Session Time: 1:45pm-3:15pm
Location: Hall 3FG
Objective: To develop a computer application with responsive design to incorporate Parkinson’s Disease (PD) patients’ expectations for Deep Brain Stimulation (DBS) surgery and present them with evidence of the likelihood of improvement tailored to their symptom profile. Such a tool helps patients with informed decision making and serves as an education tool.
Background: DBS is an effective treatment for tremor and other levodopa-responsive motor symptoms of PD and medication-induced motor complications. However, DBS is less effective for managing axial symptoms (gait, balance, speech etc.) and non-motor symptoms (NMS). The axial symptoms and NMS are usually more disabling. Clinicians tend to focus upon motor symptoms to guide patient selection and outcomes for DBS surgery; however, we lack a tool that incorporates patient perceptions of function and quality of life into this process. Therefore, we have developed a patient-centered decision-making tool designed to provide easy to understand and up-to-date information that outlines the benefits, risks, and options pertaining to DBS surgery.
Methods: PD patients aged 18-70 were referred to the Movement Disorders Program at the University of Alberta for DBS assessment. Patients were given a short questionnaire to assess their knowledge and expectations about DBS and subsequently were introduced to a computer application that allowed them to input their individual PD symptoms. Patients were able to grade which symptoms they wanted to see improvement in after DBS. The application then provided relevant information about the likelihood of improvement based on the most updated literature. Post-application assessments evaluated if patients desired to explore DBS further and if their DBS knowledge improved.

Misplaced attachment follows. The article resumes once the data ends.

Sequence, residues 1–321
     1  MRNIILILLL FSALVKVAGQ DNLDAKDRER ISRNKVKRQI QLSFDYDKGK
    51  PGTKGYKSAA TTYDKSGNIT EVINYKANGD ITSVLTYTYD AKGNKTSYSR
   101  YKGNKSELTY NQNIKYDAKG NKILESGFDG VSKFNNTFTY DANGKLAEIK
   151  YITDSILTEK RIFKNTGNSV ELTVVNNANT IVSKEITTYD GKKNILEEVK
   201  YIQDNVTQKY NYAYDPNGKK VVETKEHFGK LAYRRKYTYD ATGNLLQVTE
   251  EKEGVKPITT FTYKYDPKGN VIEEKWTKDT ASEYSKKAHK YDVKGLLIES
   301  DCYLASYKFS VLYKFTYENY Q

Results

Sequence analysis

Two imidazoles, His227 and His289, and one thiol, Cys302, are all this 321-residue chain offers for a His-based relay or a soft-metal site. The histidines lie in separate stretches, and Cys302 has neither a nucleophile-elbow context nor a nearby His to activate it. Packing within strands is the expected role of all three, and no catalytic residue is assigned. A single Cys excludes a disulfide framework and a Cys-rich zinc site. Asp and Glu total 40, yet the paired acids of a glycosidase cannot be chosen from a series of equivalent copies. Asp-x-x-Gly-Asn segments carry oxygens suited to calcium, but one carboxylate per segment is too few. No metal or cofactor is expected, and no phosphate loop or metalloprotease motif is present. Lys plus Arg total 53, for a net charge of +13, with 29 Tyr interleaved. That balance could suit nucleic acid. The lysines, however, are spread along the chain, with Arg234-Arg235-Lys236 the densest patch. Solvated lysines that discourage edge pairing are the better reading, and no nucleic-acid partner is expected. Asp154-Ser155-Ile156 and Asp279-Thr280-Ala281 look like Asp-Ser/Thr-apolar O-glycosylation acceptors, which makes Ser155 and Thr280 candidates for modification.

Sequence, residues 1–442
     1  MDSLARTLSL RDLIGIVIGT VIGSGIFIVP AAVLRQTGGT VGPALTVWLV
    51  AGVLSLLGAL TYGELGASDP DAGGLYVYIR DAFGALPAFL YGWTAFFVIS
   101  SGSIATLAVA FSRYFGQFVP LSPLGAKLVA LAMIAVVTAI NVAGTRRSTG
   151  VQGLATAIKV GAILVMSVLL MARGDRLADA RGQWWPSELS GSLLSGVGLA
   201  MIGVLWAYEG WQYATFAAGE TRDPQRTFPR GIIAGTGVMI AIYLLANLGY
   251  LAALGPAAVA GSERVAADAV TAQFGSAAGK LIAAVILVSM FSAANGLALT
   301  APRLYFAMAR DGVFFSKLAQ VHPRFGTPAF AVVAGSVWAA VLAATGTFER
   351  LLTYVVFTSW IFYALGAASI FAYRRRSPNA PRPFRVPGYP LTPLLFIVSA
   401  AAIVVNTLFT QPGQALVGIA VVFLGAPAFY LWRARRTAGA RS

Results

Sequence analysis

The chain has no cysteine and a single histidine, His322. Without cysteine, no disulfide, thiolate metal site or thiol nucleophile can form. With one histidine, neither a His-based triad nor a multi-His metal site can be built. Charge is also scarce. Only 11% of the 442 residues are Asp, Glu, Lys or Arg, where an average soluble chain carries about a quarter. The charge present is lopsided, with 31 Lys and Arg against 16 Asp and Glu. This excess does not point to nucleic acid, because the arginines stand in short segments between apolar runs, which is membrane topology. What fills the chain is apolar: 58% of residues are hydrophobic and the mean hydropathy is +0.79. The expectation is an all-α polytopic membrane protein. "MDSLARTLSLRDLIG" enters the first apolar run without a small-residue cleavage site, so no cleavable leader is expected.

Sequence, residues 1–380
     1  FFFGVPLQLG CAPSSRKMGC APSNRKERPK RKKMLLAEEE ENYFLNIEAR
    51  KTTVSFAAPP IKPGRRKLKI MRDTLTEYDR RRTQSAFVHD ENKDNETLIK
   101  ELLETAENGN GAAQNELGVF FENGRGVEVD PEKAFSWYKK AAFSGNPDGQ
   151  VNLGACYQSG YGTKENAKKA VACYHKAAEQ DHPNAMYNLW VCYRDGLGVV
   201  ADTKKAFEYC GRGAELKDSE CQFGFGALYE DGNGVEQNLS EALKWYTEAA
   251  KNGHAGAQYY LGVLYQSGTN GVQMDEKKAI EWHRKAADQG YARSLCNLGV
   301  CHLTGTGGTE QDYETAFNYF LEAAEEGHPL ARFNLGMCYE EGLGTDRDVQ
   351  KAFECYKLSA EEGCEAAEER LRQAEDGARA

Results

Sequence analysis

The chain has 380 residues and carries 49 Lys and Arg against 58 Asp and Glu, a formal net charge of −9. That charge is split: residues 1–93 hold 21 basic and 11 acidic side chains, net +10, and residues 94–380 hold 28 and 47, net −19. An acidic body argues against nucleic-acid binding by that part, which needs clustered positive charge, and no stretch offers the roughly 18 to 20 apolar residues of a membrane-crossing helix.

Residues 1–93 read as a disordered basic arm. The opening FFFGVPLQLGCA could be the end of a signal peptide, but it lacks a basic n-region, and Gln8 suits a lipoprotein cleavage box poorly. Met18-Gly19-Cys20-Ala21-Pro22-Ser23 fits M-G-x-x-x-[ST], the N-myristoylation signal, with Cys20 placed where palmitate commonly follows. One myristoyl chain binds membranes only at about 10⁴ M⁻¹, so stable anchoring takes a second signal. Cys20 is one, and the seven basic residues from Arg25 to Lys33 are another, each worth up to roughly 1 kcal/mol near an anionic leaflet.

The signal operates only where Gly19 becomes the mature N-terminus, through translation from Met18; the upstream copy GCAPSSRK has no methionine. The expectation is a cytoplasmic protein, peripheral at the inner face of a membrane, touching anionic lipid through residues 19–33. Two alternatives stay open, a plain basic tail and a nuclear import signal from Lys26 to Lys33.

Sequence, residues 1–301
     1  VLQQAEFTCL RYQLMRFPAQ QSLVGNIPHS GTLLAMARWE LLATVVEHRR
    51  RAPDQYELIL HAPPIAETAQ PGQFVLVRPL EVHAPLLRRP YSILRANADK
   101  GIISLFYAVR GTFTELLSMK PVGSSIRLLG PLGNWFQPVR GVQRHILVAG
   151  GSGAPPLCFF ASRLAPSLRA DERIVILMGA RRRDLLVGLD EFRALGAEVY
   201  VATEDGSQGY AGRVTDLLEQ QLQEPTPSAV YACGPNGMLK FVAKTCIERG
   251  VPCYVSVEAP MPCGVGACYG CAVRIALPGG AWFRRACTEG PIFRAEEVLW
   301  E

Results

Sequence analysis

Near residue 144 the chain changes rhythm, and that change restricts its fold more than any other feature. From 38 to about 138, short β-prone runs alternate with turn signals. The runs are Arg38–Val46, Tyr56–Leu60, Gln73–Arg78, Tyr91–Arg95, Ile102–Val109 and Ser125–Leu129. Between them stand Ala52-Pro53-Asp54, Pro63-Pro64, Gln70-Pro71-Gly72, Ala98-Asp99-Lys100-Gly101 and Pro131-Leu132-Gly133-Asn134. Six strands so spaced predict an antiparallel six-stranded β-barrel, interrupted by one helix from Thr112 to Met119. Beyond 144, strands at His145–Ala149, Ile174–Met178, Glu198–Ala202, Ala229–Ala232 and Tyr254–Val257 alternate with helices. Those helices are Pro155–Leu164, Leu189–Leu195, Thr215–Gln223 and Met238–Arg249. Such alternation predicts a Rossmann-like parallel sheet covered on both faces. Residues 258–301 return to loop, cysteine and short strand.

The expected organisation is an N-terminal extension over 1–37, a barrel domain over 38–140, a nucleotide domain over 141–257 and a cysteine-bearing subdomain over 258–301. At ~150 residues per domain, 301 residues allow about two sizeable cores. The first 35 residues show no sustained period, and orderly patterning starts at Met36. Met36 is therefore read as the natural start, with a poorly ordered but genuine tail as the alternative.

Results: Forty patients were recruited. Demographic data and symptoms are summarized in [table1]. Most bothersome motor and non-motor symptoms are summarized in [table2]. All patients found the application helpful as an educational tool. Only one patient decided not to proceed with further assessment since “depression will not improve”. There was a significant improvement in their knowledge regarding the likelihood of which symptoms tend to improve with DBS.
Conclusions: The application serves as a tool for shared decision making. It will help patients make an informed decision about whether to proceed with DBS and promote further discussion with DBS clinicians.
To cite this abstract in AMA style:S. Joza, K. Yen, F. Ba, J. Miyasaki. A Patient-Centered Decision-Making Algorithm for Deep Brain Stimulation Surgery in Parkinson’s Disease [abstract]. Mov Disord. 2018; 33 (suppl 2). https://www.mdsabstracts.org/abstract/a-patient-centered-decision-making-algorithm-for-deep-brain-stimulation-surgery-in-parkinsons-disease/. Accessed December 6, 2023.
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MDS Abstracts - https://www.mdsabstracts.org/abstract/a-patient-centered-decision-making-algorithm-for-deep-brain-stimulation-surgery-in-parkinsons-disease/